BY Monica Melton
As New Year’s resolutions are made and broken, revenue for Noom, a mobile weight loss company, has ballooned to $237 million. Boasting more than 50 million users, who generate the bulk of the health app’s income Noom’s latest number is up from $61 million in 2018 and $12 million in 2017 quadrupling earnings.
“The industry is somewhat seasonal, although being in the behavior change business we don’t want people to think of January as the only time you get healthy,” cofounder Artem Petakov tells Forbes. “It’s a behavior change product that requires a very subtle touch to nudge people.”
Noom’s behavioral change weight-loss product was eight years in the making, Saeju Jeong and Artem formed the company in 2008 and launched the app in 2016. The last few years have been a race to keep up with the demand for their product and iterate based on user data. January, and all its resolutions, is always a busy time for the New York-based company.
Petakov, a former Google engineer, studied both psychology and computer science at Princeton. Noom is a marriage of these two fields, which aims to “disrupt the weight loss industry” by using AI, evidence-based guidelines of physiology, psychology and cognitive behavioral therapy. He positions the company as more like meditation apps such as Headspace or Calm than Weight Watchers.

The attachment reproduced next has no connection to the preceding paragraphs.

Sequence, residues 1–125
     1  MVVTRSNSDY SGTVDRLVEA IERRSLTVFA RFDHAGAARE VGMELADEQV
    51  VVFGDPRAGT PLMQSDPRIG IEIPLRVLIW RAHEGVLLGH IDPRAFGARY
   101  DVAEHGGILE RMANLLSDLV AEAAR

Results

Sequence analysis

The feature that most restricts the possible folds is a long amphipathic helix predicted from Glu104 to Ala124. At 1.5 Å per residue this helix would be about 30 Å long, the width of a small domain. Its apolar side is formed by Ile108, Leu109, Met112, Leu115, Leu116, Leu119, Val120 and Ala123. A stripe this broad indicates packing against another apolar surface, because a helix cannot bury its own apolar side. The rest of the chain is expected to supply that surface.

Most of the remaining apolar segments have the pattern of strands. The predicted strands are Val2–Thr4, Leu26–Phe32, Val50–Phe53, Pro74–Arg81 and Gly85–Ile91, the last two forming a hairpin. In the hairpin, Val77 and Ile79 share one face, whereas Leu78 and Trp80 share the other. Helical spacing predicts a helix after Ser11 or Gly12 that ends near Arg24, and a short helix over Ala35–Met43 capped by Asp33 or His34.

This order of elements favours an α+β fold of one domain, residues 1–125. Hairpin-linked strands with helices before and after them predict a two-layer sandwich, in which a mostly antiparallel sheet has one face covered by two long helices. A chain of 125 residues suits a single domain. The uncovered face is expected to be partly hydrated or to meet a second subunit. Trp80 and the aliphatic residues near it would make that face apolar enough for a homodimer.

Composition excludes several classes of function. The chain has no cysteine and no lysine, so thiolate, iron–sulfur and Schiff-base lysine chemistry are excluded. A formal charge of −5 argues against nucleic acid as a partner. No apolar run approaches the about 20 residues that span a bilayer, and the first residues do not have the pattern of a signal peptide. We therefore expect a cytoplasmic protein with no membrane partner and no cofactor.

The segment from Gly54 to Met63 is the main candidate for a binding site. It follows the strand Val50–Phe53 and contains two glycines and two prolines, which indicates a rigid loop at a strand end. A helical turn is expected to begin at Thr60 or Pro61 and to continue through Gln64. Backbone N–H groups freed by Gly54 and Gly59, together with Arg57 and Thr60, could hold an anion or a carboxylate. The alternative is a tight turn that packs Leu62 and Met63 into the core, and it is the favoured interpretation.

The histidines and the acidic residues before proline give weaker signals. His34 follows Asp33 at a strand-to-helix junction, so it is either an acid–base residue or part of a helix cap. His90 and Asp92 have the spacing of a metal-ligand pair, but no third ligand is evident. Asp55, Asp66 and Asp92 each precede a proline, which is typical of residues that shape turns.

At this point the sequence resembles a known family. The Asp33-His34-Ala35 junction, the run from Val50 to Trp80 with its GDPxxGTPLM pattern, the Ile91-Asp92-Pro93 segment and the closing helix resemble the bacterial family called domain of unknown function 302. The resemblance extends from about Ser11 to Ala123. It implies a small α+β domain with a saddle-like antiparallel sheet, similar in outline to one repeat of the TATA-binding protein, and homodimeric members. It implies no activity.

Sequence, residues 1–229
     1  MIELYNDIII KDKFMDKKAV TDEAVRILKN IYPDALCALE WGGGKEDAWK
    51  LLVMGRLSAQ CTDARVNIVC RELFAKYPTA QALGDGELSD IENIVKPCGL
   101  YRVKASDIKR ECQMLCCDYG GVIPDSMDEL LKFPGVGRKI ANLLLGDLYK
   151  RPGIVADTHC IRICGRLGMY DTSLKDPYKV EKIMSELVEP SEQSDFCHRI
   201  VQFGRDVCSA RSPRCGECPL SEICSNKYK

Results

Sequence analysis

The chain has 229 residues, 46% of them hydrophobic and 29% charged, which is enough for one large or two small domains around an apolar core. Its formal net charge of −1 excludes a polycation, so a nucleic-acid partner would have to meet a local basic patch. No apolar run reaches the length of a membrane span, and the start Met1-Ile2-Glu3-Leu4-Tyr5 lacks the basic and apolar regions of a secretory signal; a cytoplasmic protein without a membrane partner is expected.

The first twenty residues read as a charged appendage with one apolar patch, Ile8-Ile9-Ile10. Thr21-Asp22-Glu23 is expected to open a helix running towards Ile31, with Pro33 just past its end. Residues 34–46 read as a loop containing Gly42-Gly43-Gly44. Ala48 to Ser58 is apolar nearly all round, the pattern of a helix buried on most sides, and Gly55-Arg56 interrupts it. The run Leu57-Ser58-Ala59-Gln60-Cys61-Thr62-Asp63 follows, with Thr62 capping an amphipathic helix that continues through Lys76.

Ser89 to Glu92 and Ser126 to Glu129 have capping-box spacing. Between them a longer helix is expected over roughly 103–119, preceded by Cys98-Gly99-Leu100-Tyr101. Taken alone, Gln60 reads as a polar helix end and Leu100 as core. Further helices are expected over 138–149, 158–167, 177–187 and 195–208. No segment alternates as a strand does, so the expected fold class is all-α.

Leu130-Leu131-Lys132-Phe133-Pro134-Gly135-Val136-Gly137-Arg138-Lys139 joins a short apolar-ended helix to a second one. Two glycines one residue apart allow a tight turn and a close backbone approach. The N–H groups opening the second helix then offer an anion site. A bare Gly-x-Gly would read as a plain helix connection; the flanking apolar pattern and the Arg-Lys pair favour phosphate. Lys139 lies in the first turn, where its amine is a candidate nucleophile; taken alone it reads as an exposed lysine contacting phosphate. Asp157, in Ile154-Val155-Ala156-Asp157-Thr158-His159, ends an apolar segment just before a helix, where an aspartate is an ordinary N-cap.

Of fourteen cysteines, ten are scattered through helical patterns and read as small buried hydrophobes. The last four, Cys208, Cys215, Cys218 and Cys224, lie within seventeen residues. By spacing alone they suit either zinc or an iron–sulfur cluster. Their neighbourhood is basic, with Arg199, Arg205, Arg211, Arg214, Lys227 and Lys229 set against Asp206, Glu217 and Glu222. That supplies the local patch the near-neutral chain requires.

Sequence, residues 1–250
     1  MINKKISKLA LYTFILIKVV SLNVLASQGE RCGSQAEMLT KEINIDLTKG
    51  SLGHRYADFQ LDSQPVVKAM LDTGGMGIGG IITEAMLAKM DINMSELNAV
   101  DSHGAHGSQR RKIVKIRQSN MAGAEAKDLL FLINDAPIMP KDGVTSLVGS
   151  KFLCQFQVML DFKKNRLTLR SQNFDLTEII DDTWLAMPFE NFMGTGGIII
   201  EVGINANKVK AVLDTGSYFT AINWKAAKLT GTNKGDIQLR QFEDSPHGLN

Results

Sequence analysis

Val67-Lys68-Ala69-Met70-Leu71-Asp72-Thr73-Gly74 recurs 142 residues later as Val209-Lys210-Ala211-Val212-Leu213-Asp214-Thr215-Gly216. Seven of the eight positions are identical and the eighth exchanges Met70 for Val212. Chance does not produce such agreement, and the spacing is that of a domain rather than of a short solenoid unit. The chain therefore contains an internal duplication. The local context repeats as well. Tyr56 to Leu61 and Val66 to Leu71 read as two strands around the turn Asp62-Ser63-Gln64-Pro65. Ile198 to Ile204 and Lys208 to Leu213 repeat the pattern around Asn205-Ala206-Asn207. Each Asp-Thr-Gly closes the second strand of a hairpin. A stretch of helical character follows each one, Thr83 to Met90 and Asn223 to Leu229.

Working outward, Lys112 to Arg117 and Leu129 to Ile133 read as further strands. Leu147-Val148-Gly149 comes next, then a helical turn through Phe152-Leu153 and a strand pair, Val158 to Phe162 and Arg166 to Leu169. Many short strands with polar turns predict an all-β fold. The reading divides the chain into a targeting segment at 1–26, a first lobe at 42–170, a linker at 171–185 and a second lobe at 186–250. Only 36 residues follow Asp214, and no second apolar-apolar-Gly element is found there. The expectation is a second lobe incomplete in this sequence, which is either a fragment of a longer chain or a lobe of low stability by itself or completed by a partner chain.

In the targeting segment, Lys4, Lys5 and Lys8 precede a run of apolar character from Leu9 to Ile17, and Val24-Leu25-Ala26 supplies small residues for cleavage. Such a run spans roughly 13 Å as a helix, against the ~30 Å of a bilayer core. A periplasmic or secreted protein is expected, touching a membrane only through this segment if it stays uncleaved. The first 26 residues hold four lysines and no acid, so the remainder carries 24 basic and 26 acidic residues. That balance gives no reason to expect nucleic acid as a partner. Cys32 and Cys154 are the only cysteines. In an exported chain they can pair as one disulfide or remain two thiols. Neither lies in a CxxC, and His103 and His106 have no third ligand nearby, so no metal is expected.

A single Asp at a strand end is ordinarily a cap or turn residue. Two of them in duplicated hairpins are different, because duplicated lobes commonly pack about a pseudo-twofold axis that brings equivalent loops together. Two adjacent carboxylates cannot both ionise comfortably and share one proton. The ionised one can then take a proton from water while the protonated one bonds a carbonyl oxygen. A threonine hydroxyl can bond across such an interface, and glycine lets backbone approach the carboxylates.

“Weight Watchers might focus on the latest way of counting points, but if you think about it, all of this is a different way of saying ‘eat this not that’ and we know psychologically ‘eat this not that’ is not a great way to change your behavior, said Petakov. “We try to understand a habit, break it down into ‘What’s the trigger that occurs? What thought appears in your brain and what action does it cause you to do and can we interrupt any one of those things?’, that process is rooted in cognitive behavioral therapy.”